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#10 of 16 Old 07-30-2012, 12:27 PM - Thread Starter
 
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That makes me feel better.  I haven't done much about limiting liquids because I feel if she's thirsty, she's thirsty.  We did stop the water in bed, but she can have a drink while we do stories and bedtime routine and then she goes to the bathroom right before bed.  Thanks for the feedback!


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#11 of 16 Old 07-30-2012, 01:14 PM
 
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My daughter turned 5 in June and I think that only in the last few weeks she's really headed towards staying dry every night. Like your child, mine was totally day-time dry just after she turned 2. She totally initiated potty learning herself and it was a breeze. But the night-time wetting has been a different story. Night-time peeing really is a totally different thing. She stopped wearing pull-up type undies for good maybe 6 months ago. Before that we went back and forth with it because she'd decide she didn't want to wear them and then would get tired of having wet sheets so she'd wear them for a month or so and then stop again. Starting around age 4, she would actually have fairly longish stretches of staying dry (a week or more) and then she'd wet the bed every night for several days so it felt like there wasn't a lot of forward progress. We have tried to stay neutral on the subject with her, letting her know that it's normal and won't happen forever but not spending a lot of time on the topic. We have mentioned it at well-child visits and have been assured it's normal, which is what we felt all along but thought it good to mention, just in case the doc had some tips. Also, my husband wet the bed well into his childhood so we were preparing ourselves for that scenario. It's been a gradual process and finally now, at 5 yrs & 2 months, I realize I can't recall the last time she wet her bed and it really feels like we're nearing the end of her bed-wetting.

 

FWIW, we tried a lot of things like restricting water after a certain time, trying to wake her up to pee when we went to bed, which was several hours after she did, putting a little potty in her room that she could use herself at night, visualizations, etc. and nothing seemed to make much of a difference. Ultimately we just had to wait for her body to mature a little more.


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#12 of 16 Old 07-30-2012, 01:42 PM
 
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Quote:
Originally Posted by Peony View Post

It is very, very common, and NORMAL for this to occur. Like another poster said, it is hormone related. Some kids are able to stay dry from a young age, others are not. There really is nothing to do but wait until her body matures. Limiting fluids, all that type of stuff isn't going to work if her body is not ready to decrease urine production at night. I have a almost six ear old who has to wear Good Nights every night. The majority of medical professionals are not going to consider it a problem until ages 6-7.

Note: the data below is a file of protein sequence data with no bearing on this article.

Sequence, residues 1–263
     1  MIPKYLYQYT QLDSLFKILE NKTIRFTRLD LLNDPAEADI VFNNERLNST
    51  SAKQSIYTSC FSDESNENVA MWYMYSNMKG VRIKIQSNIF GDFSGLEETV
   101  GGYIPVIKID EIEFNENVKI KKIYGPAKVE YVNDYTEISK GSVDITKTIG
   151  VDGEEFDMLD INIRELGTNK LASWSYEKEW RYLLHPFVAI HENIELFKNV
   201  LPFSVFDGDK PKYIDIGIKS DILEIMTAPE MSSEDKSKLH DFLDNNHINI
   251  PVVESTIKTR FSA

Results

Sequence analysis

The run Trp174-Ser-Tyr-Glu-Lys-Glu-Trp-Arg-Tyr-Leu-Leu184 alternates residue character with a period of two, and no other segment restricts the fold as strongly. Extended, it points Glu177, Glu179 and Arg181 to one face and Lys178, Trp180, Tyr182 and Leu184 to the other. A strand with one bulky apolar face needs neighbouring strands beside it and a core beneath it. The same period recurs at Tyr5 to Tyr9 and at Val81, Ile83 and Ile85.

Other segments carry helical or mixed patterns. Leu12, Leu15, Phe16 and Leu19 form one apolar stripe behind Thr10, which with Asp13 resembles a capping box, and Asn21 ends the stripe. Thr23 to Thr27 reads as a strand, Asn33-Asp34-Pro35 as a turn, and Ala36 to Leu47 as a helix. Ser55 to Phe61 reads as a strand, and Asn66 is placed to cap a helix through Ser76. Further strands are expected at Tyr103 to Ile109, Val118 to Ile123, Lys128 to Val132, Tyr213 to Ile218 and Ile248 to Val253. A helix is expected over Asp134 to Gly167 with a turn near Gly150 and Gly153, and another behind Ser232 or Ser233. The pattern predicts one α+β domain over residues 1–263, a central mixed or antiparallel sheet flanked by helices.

yeahthat.gif

 

It took my DD 1 1/2 years after being potty trained during the day to be able to stop wearing pull-ups at night. Like so many other things with her development, it seems like something eventually just clicked. She often goes the whole night without going to the bathroom, but she does occasionally get up to use the bathroom in the middle of the night. This only happened recently, a few months after her 4th birthday. I was starting to get concerned as well, because she had been potty trained for so long, but her pediatrician said at her 4 yr check-up it is absolutely normal until around age 6 for girls.


 

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#13 of 16 Old 07-30-2012, 07:14 PM
 
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We always take my 4 year old to the bathrroom before my DH and I go to bed.  The 4 year old goes to bed around 8PM and we get him to the bathroom around 11PM.  If we don't he sometimes wets the bed, if we do, he never wets the bed.  He has recently started to get himself up to pee and take himself back to bed, around 11 like the routine.  


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#14 of 16 Old 07-30-2012, 07:46 PM
 
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My youngest will turn 4 next month and hasn't ever stopped peeing at night.  He usually goes through 2 diapers! 


Cassie, mom to Alex(4/7/05), Aidan(7/12/07), and Andrew(8/18/08)

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#15 of 16 Old 07-30-2012, 08:37 PM
 
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I guess I have been really lucky, both my girls now 3 and 5 stay dry all night and have been since they were 2. They both have been getting adjusted regularly since they were babies.

 

Good Luck, hope they grow out of it soon!!!


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#16 of 16 Old 08-02-2012, 04:39 PM
 
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Some kids hold it better than others, it can be genetic.  it can also be a sign of a heavy sleeper.  My DS can (and has) sleep through a hurricane, so a full bladder is not going to wake him.  However, we naturally become very thirsty at the end of the day if we have not had enough fluids, so if you push fluids until afternoon snack time, then do not serve any salty foods at dinner, your child will drink less in the evening and might have more success not wetting the bed.  Also, your kidneys are the most effective when you are laying down (hence you frequently need to pee after laying down for half an hour.  We lay in bed together and I read to DS, then after 30 min of reading, we go potty, which has made us more successful.